Called ‘nyamplung’ by locals, the tree yields up to 20 tons of crude oil per hectare every year. Its timber has been used in Indonesia since ancient times, most famously for ships’ masts as it grows straight and tall in sandy, rocky coastal soil.
But the tree’s profile has risen of late as cosmetics companies switch on to the moisturizing and skin-healing properties of the tamanu kernels’ thick, fragrant deep-green oil. Its newfound popularity as a cosmetic product is such that, despite tamanu being native to Indonesia, the country is now a net importer of the oil. “So there’s a market here, if we can access it,” says Aini
What’s more, the tree is also a favorite for bees, with honey production using tamanu plantations having already proven to be extremely profitable in another CIFOR study in Wonogiri District, Java.
ONCE BITTEN, TWICE SHY
In the Central Kalimantan study, the researchers approached local communities that had recently been granted management of degraded peatlands from the government, and proposed planting an experimental plot of tamanu trees.
“Restoration belongs to the community, as they are owners of the peatlands,” says Aini. And initially, community members were skeptical. “It’s not easy, because a number of NGOs have already visited them there and tried to establish [livelihood] programs,” she explains, “but not all of those programs gave good results. So we had to discuss it with them in great detail and provide a lot of information about what we have found in previous research and what benefits they are likely to gain in the future.”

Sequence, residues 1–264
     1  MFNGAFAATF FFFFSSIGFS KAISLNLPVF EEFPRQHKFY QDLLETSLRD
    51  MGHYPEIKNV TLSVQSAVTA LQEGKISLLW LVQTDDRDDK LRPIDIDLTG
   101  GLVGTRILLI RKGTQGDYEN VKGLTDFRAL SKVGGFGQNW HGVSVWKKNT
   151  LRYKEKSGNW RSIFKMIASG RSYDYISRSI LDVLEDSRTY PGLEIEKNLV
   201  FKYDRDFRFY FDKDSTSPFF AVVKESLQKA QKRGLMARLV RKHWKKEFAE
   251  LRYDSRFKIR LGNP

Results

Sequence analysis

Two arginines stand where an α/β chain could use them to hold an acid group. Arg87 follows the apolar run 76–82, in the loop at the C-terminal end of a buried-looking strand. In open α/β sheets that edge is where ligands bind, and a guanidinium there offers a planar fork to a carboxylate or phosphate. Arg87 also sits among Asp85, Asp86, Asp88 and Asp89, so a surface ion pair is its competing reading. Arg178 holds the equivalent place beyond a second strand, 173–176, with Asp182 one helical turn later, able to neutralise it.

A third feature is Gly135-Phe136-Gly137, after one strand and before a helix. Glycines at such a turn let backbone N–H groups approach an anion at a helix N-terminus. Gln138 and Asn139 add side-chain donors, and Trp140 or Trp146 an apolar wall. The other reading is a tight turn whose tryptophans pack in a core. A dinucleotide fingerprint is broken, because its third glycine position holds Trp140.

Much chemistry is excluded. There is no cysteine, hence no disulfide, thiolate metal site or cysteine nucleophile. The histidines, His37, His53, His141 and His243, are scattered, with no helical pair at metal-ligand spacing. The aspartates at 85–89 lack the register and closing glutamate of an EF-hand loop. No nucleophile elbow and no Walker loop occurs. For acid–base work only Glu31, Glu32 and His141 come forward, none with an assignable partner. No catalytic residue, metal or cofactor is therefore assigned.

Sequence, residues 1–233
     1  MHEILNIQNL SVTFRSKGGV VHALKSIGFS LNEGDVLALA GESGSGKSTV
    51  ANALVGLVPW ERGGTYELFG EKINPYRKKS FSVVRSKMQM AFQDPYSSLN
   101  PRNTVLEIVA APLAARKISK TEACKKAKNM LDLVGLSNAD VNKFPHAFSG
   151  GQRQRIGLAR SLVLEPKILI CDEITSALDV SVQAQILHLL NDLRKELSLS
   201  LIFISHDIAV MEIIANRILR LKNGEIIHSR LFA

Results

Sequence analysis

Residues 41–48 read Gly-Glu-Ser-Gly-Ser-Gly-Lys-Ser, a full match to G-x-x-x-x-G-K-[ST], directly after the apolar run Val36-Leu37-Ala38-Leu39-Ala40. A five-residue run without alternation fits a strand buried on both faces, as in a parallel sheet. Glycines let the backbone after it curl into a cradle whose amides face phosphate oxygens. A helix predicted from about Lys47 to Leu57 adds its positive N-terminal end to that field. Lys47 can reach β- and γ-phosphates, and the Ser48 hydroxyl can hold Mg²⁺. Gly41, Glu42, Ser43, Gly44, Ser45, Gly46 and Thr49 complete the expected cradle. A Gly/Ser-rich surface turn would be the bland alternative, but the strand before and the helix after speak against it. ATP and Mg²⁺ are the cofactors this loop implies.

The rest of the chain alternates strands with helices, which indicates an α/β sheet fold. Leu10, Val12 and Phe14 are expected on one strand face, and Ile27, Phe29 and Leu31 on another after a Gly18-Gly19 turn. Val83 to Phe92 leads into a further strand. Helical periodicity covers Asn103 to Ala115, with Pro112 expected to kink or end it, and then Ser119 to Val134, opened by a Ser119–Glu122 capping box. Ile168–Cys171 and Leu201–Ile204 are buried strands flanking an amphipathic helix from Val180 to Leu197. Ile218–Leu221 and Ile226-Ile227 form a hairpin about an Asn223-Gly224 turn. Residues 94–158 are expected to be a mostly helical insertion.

« …there’s a market here, if we can access it »
Local farmers agreed to set aside 50 hectares of degraded peatland for planting tamanu in January 2019. Pak Misran, one of these farmers, told Aini that he is interested in joining the program because he hopes to have additional income from nyamplung in the future. The farmers and partners will still need to cultivate ten times that area – around 500 hectares – to gain the income required to build a processing factory and extract bioenergy. “But before that happens, there are some other benefits that the local farmers will be able to enjoy much earlier on,” says Aini. “They can set up beehives and sell honey, and they can also sell small quantities of the oil for high prices to cosmetics companies.”
It’s not yet clear how fruitful the crops will prove as a bioenergy source: there’s a chance the tamanu trees may not produce enough kernels to make bioenergy production viable, says Aini, due to the waterlogged condition of the soil. “So we still have to wait until next year when we get the fruit,” she notes.
However, even if all the other economic possibilities fall through, the farmers will still be able to fell the trees for their valuable wood – though the scientists, of course, are hoping it doesn’t come to that. Whatever the case, in this particular project, “the benefit to the local community is the most important part,” reiterates Aini. “And we’re pretty sure that it will increase community awareness [about the benefits of reforestation] along the way as well.”